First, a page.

AMY LITTLEFIELD: Could be. Could happen right now. I mean, it’s — the idea of giving birth without my partner there to comfort me, to advocate for me, to share in what should be the happiest moment of our lives, is kind of unfathomable to me. And my heart breaks for the people who are going through that right now at New York-Presbyterian, who are having to give birth without a partner, any family member, any support person there with them, just totally alone, I mean, what can be a terrifying experience if it feels like it’s out of your control.
It has prompted us to think about switching to a home birth at the last minute, which legions of people are doing right now. I mean, apparently the home birth midwives are just getting inundated with requests, last-minute requests, from people like me, who are two weeks away from their due date and afraid to contemplate going into a hospital, afraid that all their autonomy will be taken away or that the hospitals will just be so inundated that it won’t be safe to give birth there. And, you know, I spoke with my doula yesterday about the possibility of a home birth, and she said, “Look, this is really something that you shouldn’t do out of fear, because you’ll open the door to trauma. You should do it out of confidence that it’s something that you want and it’s the right decision for you.” And I just — when I got off the phone with her, I just burst into tears, because how — I mean, how can any of us who are facing this decision think about making it out of anything but fear in this moment? I mean, the fear of being separated from our partners in that moment is absolutely what’s driving this. And so —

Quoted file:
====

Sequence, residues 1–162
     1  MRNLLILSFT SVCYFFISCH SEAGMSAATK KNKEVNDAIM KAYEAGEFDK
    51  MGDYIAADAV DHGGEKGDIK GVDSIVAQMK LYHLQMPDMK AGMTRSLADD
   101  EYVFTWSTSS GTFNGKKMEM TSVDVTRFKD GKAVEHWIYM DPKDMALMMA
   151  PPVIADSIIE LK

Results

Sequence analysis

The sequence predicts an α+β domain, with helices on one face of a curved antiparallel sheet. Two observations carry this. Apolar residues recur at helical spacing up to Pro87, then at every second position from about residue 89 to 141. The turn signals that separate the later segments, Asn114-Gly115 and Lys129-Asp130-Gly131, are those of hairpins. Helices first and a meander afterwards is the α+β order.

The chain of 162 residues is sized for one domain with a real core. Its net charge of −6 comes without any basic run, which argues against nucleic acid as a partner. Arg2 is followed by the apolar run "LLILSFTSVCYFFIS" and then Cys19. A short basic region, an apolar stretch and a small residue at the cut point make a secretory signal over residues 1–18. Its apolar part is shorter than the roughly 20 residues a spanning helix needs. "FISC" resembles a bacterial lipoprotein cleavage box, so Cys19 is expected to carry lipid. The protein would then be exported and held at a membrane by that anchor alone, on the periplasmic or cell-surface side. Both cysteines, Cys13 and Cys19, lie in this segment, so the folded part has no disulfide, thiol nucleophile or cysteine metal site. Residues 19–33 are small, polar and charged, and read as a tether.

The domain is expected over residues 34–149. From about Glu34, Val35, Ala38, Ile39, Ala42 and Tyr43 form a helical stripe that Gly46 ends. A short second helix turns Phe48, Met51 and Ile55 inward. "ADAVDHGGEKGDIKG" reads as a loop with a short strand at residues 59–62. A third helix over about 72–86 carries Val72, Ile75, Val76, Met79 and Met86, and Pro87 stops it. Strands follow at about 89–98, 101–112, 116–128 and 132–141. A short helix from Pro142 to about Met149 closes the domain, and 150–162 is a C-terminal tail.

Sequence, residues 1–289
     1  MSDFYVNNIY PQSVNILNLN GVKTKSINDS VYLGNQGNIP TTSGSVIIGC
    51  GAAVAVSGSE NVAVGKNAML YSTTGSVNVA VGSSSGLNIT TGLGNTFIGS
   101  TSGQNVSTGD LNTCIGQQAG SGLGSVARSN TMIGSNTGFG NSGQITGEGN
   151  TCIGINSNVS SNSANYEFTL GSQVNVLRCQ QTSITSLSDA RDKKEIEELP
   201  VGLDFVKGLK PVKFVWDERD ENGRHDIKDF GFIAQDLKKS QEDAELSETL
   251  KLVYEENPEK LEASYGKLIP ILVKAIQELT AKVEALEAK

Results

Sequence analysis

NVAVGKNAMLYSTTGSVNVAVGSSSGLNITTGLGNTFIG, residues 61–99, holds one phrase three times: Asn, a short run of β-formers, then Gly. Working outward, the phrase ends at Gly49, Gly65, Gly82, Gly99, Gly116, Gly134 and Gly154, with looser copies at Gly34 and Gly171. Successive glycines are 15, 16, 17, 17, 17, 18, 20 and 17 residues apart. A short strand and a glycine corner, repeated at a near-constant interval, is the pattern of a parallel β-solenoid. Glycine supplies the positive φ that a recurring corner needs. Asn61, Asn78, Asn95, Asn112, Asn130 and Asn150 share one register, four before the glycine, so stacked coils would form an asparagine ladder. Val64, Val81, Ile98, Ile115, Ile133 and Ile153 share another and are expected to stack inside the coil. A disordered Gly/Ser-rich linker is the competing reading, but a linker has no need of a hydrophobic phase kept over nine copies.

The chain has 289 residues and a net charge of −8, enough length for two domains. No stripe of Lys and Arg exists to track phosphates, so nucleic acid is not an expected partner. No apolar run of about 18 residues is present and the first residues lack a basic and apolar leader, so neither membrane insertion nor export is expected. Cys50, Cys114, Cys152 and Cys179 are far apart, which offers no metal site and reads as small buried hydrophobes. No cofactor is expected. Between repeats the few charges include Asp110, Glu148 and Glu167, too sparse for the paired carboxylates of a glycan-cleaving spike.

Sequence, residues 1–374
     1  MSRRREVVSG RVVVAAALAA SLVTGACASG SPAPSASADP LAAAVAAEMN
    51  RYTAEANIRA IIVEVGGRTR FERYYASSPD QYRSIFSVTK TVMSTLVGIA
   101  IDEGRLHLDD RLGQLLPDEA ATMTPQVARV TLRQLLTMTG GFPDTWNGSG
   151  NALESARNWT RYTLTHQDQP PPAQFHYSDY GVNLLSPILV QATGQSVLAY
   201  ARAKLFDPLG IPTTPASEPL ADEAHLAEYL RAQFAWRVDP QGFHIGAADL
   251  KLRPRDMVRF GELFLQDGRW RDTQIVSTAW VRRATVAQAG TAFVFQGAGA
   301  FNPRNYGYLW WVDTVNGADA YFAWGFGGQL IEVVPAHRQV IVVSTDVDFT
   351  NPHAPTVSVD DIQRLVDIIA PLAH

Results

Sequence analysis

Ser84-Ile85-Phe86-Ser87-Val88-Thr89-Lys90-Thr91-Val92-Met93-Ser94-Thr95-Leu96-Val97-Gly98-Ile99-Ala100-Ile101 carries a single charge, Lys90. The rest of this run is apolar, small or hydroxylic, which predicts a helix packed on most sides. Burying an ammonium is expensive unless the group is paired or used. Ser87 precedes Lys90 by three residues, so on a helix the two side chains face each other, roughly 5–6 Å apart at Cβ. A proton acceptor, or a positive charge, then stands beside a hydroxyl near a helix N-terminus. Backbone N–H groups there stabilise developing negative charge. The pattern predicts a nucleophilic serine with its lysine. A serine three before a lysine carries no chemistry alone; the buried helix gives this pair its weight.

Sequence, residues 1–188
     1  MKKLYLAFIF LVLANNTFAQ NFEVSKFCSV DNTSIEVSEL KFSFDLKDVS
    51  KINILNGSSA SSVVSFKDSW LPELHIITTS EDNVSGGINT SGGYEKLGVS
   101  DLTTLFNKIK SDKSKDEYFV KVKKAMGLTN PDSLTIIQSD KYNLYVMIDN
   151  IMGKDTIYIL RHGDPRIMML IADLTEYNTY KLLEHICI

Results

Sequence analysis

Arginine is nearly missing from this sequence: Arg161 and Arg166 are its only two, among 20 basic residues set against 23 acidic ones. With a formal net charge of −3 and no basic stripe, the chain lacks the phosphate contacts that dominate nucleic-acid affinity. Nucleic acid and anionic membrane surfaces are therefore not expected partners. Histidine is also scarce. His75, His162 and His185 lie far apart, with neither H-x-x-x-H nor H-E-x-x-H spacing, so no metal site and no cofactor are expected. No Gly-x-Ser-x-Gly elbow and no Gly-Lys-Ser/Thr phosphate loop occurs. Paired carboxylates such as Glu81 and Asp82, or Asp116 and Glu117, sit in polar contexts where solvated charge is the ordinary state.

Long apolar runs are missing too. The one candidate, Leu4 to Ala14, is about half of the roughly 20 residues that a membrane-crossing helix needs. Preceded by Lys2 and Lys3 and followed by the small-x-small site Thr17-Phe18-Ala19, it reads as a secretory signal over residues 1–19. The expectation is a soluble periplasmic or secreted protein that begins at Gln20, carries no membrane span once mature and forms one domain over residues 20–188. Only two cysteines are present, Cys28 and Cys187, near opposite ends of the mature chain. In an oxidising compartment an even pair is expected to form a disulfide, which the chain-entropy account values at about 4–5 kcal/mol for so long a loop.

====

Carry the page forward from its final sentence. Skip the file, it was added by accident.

AMY GOODMAN: And what does it mean, a home birth? But what would that involve? I mean, it’s a whole different trajectory, of course.
AMY LITTLEFIELD: Right.
AMY GOODMAN: And you are doing this, and people plan for this for a long time.
AMY LITTLEFIELD: Exactly.
AMY GOODMAN: You’re doing this in a few days, if you were to do it.